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the provinces ; 24 and, finally, over himself, on his being formally exempted from all the laws, both new and old. To the immediate service and protection of an authority so accumulated and a person so sacred a body-guard of Prætorian Cohorts, so called, was chosen from the flower of the army.26 It was as the corner-stone of the whole huge fabric of the Empire, thus deeply and thus silently founded.
To aid, but not to control, the Emperor in his vast authority, a certain number of counsellors were, at first semiannually and then annually, selected from the Senate.27 This body, which Augustus, acting as Censor, with Agrippa for a colleague, had reduced in numbers, and subjected to some new methods of appointment,28 was more than ever submissive. But he accepted the privilege of consulting it at any time and under any form ; 29 and in return, he preserved the aspect and the deference which were grateful, though they might not be due, to the successors of those who had resisted Hannibal and for a moment supported Cicero. So successfully was this tone preserved on the part of the Emperor, that there were
24 Divided, indeed, between the 27 Dion Cass., LIII. 21, LVI. 28. Emperor and the Senate, but his The adopted sons, and the step-son, power extended over all. Dion Tiberius, of the Emperor were afCass., LIII. 12, 13, 32. See Gib- terwards added to these counsellors. bon again, Ch. I.
28 Suet., Aug., 35. Dion Cass., 25 Dion Cass., LIII. 28, LIV. LII. 42, LIV, 13, 14, 17, 26, 35, 10. See Heinecc., Antiq. Rom. LV, 13. Jur., pp. 78 et seq.
29 Dion Cass., LIII. 28. Cf. LV. 26 Suet., Aug., 49. Tac., Ann., 34. IV. 5. Dion Cass., LIII. 11, LV.
few who would have complained, as one of them did, in open session, of their inability to contradict even his opinion.30 The same consideration was observed, and with the same effect, towards all the higher classes, on whom the shadows of some authority and influence yet seemed to descend. The magistracies of the Commonwealth were not abolished; and Consuls, Prætors, and Tribunes were yearly chosen in the public assemblies. But the elections were made at the pleasure of the Emperor; and the functions of all the offices were totally altered. 32 One post alone, substituted in the place of the City Prætor, under the nearly similar name of the Prefect of the City, was invested with any extensive charge; but it, likewise, was wholly in the gift of the Emperor.33 Nevertheless, the show of magistracies and priesthoods yet remaining was sufficient to impose upon those who have written of their broken-spirited possessors, as well as upon these possessors themselves.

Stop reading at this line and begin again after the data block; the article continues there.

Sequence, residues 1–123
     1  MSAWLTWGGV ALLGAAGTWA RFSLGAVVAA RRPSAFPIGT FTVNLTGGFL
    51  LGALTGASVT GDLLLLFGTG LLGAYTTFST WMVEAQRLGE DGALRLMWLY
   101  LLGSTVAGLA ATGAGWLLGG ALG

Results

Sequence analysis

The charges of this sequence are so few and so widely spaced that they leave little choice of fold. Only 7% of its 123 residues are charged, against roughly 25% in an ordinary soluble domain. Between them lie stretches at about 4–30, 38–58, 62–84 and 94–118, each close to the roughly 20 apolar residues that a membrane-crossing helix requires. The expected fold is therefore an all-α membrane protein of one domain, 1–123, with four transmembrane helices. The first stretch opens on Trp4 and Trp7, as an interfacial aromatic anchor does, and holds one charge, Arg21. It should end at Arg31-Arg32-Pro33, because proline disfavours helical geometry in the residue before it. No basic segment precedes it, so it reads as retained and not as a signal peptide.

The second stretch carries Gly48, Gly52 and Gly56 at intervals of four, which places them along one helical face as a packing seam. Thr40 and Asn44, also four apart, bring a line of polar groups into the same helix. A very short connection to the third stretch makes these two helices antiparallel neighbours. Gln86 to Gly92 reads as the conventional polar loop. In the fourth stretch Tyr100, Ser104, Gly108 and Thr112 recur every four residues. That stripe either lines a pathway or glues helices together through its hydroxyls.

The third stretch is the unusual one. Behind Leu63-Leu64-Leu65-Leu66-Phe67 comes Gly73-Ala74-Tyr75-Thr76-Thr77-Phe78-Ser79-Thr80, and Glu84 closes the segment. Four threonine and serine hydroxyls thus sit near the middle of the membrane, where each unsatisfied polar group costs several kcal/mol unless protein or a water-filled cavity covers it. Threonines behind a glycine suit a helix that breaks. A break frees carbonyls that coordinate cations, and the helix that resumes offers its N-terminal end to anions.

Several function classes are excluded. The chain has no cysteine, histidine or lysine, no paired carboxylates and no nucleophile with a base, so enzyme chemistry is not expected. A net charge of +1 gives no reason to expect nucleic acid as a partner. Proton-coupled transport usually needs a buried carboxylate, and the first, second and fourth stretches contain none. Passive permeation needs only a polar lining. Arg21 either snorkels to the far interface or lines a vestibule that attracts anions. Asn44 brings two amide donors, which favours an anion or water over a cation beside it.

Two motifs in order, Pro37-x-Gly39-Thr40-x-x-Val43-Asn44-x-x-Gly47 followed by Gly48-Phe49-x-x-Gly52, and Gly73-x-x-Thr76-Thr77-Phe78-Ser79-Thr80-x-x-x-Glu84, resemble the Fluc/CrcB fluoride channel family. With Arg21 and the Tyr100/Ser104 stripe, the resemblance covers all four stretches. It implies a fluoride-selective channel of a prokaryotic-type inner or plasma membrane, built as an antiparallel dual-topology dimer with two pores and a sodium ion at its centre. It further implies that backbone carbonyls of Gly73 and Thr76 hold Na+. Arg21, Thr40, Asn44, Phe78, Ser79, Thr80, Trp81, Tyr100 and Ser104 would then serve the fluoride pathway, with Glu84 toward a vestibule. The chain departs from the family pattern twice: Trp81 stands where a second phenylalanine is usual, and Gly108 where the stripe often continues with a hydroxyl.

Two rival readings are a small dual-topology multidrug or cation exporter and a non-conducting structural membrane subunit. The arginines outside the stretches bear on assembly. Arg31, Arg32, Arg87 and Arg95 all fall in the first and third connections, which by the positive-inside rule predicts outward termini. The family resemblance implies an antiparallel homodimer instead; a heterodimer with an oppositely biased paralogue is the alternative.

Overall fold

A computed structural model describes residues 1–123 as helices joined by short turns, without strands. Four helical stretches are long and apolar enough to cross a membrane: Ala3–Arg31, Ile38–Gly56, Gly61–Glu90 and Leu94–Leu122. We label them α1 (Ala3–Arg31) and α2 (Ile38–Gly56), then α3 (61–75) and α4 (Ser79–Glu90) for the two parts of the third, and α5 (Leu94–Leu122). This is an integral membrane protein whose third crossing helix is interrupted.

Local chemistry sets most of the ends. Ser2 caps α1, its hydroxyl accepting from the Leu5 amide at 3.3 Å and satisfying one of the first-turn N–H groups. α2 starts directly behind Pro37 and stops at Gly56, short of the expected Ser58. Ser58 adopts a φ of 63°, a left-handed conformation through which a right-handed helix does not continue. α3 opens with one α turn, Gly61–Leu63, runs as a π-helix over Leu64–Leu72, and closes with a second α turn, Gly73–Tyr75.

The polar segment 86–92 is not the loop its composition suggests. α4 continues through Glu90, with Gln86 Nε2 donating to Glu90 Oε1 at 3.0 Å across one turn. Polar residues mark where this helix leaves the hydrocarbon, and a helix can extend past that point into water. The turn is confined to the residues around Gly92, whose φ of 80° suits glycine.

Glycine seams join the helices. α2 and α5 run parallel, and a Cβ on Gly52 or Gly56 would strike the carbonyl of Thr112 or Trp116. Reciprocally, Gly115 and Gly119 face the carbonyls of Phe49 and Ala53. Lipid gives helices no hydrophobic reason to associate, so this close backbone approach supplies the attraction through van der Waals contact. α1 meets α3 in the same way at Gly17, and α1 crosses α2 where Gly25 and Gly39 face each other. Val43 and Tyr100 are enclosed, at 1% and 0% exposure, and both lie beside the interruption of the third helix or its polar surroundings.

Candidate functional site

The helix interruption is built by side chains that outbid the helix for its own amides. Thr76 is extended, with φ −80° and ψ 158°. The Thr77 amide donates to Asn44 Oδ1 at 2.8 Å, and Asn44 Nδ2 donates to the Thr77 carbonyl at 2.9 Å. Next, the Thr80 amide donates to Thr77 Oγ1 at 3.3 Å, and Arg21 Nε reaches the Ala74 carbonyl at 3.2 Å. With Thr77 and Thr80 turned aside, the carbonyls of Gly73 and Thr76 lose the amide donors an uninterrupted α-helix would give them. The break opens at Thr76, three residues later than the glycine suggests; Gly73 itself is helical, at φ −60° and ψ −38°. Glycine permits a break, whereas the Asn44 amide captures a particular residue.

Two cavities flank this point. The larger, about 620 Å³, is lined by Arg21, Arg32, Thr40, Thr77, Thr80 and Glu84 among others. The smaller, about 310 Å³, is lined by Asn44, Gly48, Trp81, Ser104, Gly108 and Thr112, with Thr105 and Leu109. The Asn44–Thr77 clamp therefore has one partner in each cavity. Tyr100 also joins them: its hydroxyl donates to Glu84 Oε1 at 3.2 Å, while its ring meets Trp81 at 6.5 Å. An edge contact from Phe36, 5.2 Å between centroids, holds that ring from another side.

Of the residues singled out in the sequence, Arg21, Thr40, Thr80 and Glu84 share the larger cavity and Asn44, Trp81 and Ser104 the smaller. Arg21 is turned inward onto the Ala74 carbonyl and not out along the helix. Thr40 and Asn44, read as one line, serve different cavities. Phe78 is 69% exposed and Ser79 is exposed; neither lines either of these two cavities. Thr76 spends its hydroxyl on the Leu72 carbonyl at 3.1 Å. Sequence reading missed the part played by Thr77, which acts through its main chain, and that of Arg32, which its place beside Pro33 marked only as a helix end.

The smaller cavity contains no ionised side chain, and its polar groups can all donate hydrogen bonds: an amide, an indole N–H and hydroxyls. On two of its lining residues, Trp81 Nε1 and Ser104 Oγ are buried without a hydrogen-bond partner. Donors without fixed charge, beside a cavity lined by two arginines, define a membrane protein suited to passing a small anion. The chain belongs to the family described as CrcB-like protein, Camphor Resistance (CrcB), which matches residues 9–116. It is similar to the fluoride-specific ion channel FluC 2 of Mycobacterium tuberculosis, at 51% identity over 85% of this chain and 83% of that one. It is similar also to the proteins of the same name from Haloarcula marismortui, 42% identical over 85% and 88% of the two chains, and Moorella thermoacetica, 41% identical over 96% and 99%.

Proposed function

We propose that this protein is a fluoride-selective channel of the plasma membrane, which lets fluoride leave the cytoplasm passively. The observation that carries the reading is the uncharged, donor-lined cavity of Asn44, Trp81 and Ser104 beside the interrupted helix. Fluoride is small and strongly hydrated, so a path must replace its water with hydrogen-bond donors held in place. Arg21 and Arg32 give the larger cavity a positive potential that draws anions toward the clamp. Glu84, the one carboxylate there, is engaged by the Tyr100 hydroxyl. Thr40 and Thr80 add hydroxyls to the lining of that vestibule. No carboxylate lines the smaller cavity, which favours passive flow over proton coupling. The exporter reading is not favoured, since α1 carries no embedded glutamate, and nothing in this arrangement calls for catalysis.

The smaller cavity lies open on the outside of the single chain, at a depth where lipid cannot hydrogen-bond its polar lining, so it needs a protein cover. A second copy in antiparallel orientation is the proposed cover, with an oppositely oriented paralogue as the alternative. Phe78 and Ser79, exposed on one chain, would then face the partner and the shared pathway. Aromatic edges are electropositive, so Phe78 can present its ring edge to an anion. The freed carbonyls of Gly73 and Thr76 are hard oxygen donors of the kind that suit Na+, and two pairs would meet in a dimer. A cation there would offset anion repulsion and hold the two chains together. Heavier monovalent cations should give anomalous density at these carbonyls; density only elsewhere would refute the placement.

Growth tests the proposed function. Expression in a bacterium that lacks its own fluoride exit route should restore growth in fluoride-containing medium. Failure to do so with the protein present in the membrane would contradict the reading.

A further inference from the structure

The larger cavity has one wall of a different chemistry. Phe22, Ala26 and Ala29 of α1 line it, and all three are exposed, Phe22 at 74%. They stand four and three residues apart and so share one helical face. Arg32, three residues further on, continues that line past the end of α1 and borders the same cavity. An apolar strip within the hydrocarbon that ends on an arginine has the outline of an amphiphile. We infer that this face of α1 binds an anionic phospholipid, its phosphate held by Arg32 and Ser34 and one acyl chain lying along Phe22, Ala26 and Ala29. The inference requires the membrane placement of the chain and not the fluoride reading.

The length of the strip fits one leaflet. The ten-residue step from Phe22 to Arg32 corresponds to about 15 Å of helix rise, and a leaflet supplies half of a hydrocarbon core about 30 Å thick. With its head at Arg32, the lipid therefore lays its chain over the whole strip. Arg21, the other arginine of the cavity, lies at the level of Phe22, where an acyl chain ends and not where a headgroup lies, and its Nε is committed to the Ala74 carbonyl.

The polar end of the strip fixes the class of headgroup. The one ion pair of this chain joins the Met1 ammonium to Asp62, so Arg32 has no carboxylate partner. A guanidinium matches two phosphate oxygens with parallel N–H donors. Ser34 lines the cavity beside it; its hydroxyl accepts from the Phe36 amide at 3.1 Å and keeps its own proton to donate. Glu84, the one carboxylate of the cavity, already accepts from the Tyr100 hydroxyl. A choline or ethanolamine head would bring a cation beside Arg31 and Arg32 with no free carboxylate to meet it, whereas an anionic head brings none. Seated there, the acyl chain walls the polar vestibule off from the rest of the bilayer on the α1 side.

But the account we have taken of the imperial power with which Augustus was invested, and of the relations existing between himself and the other members of his government, though it is here necessarily precluded from any details, rests upon no conjectures. The subjection of the only class who could dispute the possession of authority with the Emperor was as profound as that of the populace or
30 Suet., Aug., 54. Augustus prevented the acts of the Senate from being published. Ibid., 36.
31 Note 21.
32 Suet., Aug., 36, 37.
33 Tac., Ann., VI. 11. Cass., LIII. 2.
the slaves. Asinius Pollio, who had crossed the Rubicon with Julius Cæsar, and adhered to the triumvirate from its beginning until the time arrived for him to follow Augustus, learned to employ his ambition, if he really had any, in literary 34 rather than in political pursuits. So Valerius Messalla Corvinus, who had veered from the conspirators to Antony, and from Antony to Augustus, with prudent inconstancy, employed himself afterwards in patronizing the poets and in acquiring the tasteful accomplishments of his times.35 Another distinguished name is that of Cornelius Gallus, early devoted to Augustus and greatly rewarded, until he dared to oppose or in some way to provoke the power that had raised him ; when he fell. There could be but one impulse to stir the depths of feeling or to reach the heights of action in lives like these; and that one was submissiveness.